During this year’s primary runoff and special election, Bastrop County produced high voter turnout compared to past similar races in the midst of this unusual time for an election.
This year’s Democratic and Republican primary runoff elections, as well as a special election for Texas Senate District 14 to replace resigning Senator Kirk Watson, were postponed to July 14 due to the COVID-19 pandemic. Early voting in Bastrop County spanned from June 29 through July 10.
In the special election for Texas Senate District 14, which includes Bastrop County, Democrat Sarah Eckhardt took the lead with 49.66% of the votes statewide, with Democrat Eddie Rodriguez and Republican Don Zimmerman earning 33.84% and 13.04% of votes, respectively, according to the Texas Secretary of State website. Waller Thomas Burns II, Pat Dixon and Jeff Ridgeway earned the remaining votes. In Bastrop County, Zimmerman took the lead with 38.95% of votes, with Eckhardt and Rodriguez earning 31.41% and 22.64% of votes, respectively.
In the statewide Democratic primary runoff for the U.S. Senate seat, Mary “MJ” Hegar led with 52.13% of votes, while Royce West earned 47.87% of votes. In Bastrop County, Hegar took 74.1% of votes, while West took 25.9%.
Find the rest of the results for this election, including multiple runoff elections for federal and state positions, at www.sos.state.tx.us/elections, or visit www.bastropvotes.org to see how Bastrop County voted in these races.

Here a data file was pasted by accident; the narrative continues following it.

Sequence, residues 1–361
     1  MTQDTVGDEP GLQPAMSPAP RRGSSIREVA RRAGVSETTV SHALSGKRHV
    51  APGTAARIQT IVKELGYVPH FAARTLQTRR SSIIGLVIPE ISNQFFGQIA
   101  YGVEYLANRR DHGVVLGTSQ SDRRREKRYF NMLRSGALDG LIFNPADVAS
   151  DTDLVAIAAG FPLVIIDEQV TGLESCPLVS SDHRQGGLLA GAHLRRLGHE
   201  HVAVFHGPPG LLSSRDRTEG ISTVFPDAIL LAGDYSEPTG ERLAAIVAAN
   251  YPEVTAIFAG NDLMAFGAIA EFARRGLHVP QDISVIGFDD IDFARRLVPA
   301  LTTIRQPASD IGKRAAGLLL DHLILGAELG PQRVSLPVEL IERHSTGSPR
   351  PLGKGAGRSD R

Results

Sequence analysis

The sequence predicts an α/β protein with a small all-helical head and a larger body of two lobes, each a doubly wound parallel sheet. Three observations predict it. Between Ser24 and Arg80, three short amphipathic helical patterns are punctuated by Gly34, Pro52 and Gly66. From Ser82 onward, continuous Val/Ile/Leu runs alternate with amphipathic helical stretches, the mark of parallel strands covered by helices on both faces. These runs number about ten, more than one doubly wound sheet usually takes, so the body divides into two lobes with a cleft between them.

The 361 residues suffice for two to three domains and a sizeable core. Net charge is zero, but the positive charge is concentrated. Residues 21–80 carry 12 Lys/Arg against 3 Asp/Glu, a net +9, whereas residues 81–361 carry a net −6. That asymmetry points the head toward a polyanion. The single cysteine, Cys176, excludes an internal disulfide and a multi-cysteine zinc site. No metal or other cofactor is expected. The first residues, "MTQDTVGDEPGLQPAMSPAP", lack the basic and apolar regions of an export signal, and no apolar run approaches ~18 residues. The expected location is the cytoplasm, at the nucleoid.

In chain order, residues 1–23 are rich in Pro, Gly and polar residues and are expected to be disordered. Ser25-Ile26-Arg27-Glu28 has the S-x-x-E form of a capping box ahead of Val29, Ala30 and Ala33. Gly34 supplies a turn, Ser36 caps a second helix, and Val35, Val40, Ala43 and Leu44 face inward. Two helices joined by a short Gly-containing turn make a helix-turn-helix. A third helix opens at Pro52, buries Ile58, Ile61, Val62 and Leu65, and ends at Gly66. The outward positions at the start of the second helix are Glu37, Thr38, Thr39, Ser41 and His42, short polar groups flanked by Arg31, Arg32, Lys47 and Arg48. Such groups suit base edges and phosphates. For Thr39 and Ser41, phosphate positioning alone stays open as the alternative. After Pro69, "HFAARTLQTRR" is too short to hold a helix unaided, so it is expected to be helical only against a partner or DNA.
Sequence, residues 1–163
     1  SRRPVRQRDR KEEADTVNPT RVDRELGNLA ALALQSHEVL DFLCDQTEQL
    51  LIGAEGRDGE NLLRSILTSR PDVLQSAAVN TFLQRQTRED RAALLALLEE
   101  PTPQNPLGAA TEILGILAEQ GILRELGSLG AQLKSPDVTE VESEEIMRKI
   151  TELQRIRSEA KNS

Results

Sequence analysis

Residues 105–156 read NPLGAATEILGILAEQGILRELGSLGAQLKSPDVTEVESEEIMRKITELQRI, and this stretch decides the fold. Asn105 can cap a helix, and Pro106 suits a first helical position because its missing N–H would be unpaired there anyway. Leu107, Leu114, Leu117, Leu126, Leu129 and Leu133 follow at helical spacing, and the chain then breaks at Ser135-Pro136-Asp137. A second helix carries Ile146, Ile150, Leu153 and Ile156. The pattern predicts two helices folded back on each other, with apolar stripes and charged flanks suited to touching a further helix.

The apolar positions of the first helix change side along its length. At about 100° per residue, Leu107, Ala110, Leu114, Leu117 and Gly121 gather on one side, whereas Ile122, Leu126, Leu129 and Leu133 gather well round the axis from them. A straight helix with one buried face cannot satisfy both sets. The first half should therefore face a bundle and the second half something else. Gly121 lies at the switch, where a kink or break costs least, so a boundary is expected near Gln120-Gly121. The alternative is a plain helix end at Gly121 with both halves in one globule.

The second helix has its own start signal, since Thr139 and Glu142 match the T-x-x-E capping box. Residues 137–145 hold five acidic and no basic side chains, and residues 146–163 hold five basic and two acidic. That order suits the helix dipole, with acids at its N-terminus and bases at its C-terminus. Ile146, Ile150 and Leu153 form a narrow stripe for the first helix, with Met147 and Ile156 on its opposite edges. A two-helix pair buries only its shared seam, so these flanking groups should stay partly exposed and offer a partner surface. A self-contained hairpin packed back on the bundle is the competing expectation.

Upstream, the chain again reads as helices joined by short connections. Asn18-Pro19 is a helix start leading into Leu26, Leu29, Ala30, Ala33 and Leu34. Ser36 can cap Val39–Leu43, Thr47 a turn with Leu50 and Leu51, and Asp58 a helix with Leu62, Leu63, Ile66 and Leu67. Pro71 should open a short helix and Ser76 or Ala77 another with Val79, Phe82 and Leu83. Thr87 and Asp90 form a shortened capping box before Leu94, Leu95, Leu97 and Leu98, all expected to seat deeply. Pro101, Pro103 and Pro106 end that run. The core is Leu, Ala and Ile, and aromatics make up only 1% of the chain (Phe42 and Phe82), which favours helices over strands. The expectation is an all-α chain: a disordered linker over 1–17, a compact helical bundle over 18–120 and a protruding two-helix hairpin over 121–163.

Bastrop County turnout this year, both with mail-in ballots and in-person voting, was higher than it has been for the past three similar elections, according to Bastrop County elections administrator Kristin Miles. During the 2015 special election for state representative in district 17, a total of 4,124 votes were cast; in the 2016 primary runoff, a total of 3,929 votes were cast; and in the 2018 primary runoff, a total of 4,172 votes were cast. As of last week, during this year’s election, 3,858 votes were cast during early voting, 2,037 people voted on Election Day and 3,041 absentee ballots have been returned.
Miles said the numbers for in-person voting may increase slightly, but not significantly, once provisional ballots are counted. The deadline to receive ballots from mail and voters overseas was this Monday. There is a potential for a runoff in the District 14 special election, Miles said, but that won’t be known for sure until the deadline has passed to receive the military and overseas ballots.
This year, the Bastrop County Elections Department implemented special procedures at the polls to help prevent the spread of the COVID-19 virus. These steps included providing hand sanitizer and masks, requiring election workers to wear masks when near others, sanitizing pens and equipment between voters and encouraging six feet of separation between each election worker and voter.
Looking forward to the election in November, Miles said the current plan is to keep these safety measures in place, unless the public health situation changes significantly by then and requires a modified response.
“We had a good response from voters, indicating that they were happy with the safety measures in place and that they felt comfortable coming into the polling location to vote,” Miles said. “Most all of the things that we implemented can be implemented long-term. We plan to continue using the barriers at the early voting locations and Election Day sites and continue cleaning for as long as we need to.”